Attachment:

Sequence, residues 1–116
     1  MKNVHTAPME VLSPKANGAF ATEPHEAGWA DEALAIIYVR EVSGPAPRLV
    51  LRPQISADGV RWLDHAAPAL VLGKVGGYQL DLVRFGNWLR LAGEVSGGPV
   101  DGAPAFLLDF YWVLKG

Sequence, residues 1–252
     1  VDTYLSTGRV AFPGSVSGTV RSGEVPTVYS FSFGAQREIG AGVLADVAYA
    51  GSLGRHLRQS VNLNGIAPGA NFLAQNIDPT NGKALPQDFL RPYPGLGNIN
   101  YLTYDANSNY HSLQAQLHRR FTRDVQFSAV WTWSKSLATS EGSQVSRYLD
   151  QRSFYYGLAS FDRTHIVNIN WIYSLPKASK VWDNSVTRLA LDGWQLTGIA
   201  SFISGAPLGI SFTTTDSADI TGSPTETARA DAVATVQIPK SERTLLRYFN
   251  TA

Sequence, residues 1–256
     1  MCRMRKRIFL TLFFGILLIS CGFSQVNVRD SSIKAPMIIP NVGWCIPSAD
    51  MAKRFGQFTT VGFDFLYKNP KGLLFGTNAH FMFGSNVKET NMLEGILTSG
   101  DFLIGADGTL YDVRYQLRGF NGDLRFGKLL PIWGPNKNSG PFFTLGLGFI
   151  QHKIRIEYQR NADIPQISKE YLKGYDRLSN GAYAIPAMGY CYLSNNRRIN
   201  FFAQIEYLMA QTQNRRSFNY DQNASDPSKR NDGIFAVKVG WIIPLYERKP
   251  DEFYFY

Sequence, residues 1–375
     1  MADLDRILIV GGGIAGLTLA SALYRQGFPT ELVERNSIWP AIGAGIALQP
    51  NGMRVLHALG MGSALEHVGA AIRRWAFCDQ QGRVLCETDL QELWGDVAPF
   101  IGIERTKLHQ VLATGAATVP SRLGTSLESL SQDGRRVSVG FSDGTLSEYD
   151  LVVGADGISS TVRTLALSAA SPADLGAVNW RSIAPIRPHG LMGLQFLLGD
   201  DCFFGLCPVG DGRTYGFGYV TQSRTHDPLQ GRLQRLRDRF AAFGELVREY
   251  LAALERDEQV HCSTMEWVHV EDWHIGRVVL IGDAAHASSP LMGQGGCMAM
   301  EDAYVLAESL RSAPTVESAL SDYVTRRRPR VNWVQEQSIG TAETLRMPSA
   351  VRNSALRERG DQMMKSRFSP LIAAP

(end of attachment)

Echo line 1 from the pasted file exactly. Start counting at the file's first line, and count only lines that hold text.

Sequence, residues 1–116